Eastern medicine asks many of these questions as a means of ascertaining the underlying causative factor of the bedwetting, making for more effective treatment. If your child tends to get cold easily or feel cold to touch, seems pale, fatigued, low in appetite and/or sleeps deeply, this usually signifies what is referred to as a ‘kidney’ imbalance (a diagnosis that does not suggest anything wrong with the kidney organ, but refers more to a functional imbalance). Make sure that your child is well-dressed and well-covered during the night – children with this constitution may wet their beds more frequently when they get cold during sleep. Children who tend toward these symptoms can also find relief in consistent acupressure to strengthen the kidney system, and warming therapies directed at the lower abdomen.

– An excellent acupressure point to strengthen the kidneys is found at the ankle, on the inside of both legs, between the medial malleolus (the ankle bone which sticks out and the back of the ankle at the Achilles tendon. You’ll generally find a depression here. Apply gentle but firm pressure with your thumb here (this may feel tender, but should not feel uncomfortable to your child when you press – if it does, apply less pressure). Massage on each side for 1-3 minutes before bed.

– Before bed, apply a hot water bottle or warmed buckwheat pillow to the mid-sacral area (on the lower back toward the base of the spine) and to the lower abdominal area below your child’s navel. Leave on for 3-5 minutes each side or until the area is feeling pleasantly warm but not uncomfortably hot. You can read to talk to your child while they relax.

– If your child sleeps so deeply that they cannot seem to wake themselves in response to bladder cues, try massaging the very top-back crown of the head, (right where many children have cow-licks, about two child-size hand-breadths back from the forehead), before bed each night, for 1-2 minutes.

Food allergies may also be a culprit in repeated bedwetting. If your child wets his/her bed, and also has conditions such as asthma, frequent hives or rashes, eczema, digestive difficulties, food allergies may be an especially good place to start. If your child gets hot and sweaty at night, or tends toward hyperactivity, these could be signs that your child’s nervous system is being taxed or overstimulated by a food allergy. If your child tends to have dark circles under their eyes, this is another clue… either your child is not sleeping well, or these may be ‘allergy shiners’. Substances in allergenic foods may be irritating the bladder walls, causing it to be difficult to hold in urine. Foods most commonly implicated are milk and dairy products, and citrus foods. Caffeinated foods – chocolate and soda, are stimulants which can be frequently irritating to a sensitive bladder. Make a food chart, pay attention to what your child eats each day, and make a note of whether or not your child wet his/her bed that night. A correlation may emerge.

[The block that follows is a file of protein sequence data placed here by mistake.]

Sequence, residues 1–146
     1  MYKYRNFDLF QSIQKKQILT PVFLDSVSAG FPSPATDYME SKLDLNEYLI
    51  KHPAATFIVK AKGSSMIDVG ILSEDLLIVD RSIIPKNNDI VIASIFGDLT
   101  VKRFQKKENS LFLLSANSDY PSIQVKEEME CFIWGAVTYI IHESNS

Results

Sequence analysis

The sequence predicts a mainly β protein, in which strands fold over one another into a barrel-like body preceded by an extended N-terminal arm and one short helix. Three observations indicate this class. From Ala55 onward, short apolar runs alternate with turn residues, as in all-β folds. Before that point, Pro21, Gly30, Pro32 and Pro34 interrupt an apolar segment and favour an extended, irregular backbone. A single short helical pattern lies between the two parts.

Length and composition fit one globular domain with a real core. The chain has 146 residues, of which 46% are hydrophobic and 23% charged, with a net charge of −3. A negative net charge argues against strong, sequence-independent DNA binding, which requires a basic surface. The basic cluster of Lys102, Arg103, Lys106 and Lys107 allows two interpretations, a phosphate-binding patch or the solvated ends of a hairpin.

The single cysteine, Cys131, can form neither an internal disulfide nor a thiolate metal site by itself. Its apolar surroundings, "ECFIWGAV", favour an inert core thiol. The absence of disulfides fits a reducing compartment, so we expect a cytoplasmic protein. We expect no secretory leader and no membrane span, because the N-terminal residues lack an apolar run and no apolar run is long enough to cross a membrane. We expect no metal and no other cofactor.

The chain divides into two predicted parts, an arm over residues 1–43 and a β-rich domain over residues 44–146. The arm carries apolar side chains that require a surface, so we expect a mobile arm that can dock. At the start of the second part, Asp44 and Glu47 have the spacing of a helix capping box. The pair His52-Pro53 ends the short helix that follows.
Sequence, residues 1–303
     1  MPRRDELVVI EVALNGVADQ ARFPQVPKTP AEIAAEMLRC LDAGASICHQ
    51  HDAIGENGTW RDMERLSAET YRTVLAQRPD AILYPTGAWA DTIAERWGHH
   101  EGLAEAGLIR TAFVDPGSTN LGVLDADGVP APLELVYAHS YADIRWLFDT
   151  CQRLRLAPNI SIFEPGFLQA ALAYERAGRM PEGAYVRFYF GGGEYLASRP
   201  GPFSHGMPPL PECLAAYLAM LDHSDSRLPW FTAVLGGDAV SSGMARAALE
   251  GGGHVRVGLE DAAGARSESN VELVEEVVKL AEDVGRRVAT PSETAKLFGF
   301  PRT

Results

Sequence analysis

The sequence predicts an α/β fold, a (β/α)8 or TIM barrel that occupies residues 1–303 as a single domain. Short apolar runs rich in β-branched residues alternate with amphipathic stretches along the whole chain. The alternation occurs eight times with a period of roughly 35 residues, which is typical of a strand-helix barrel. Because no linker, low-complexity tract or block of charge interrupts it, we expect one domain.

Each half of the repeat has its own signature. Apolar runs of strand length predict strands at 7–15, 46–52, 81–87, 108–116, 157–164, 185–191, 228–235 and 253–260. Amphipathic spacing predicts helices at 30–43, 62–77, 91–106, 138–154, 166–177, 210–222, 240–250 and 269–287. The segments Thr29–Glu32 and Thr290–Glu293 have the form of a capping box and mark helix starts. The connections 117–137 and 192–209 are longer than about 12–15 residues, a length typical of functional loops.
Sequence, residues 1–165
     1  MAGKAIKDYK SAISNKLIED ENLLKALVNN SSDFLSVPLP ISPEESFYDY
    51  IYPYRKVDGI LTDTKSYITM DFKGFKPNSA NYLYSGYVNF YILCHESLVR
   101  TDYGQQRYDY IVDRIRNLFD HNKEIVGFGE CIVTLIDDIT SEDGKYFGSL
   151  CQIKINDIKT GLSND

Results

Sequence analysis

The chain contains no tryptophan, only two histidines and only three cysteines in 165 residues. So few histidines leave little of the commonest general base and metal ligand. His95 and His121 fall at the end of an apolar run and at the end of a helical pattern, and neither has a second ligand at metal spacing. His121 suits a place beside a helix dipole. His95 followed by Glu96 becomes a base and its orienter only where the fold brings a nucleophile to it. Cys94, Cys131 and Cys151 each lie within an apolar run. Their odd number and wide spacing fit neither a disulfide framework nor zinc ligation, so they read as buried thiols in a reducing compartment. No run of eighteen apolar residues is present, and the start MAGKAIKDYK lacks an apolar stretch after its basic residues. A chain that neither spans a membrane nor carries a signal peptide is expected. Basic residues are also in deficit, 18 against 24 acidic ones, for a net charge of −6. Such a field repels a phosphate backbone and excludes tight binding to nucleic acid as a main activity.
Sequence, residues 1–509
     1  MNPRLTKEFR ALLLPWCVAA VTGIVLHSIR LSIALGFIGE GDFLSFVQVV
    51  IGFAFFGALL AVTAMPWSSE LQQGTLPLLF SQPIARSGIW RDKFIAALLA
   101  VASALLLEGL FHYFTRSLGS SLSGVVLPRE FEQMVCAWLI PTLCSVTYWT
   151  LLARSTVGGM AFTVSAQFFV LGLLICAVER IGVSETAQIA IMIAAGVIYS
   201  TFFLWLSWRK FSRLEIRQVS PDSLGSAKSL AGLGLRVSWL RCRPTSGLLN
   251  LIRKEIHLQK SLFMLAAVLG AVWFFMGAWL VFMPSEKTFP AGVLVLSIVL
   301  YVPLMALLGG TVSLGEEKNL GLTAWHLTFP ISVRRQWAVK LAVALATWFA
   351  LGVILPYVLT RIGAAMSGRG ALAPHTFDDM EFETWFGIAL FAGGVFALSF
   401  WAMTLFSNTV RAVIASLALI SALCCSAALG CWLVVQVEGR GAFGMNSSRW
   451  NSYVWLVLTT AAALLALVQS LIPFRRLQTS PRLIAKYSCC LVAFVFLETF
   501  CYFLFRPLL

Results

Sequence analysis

If there seems to be no easy connection between a particular food and bedwetting, a food allergy may still be a possibility – it may be a food that your child eats regularly (and many foods can take up to 10 days to completely clear out of your system). Consider eliminating dairy products (or wheat or citrus, for example) for a week to 10 days, then resume eating them. See what happens. Just make sure you choose one food group at a time. While this may seem difficult at first, many of the families I have worked with have found this well worth the time and energy. Sometimes a simple food elimination will also eliminate the bedwetting. Even though it can be frightening to consider finding out ‘bad news’ (my son loves dairy, for example, but his body doesn’t), it’s good information to have. Many children grow out of both bedwetting and food allergies. There may also be ways to help support your child’s digestion – herbs, digestive enzymes, if you decide to keep certain allergenic foods as a part of their diet. A safe and easy way to soothe possible bladder irritation is to give your child 6 to 8 ounces of unsweetened cranberry juice at least one hour before bed. (feel free to sweeten it yourself a little with agave nectar, or honey if your child is over 15 months old.)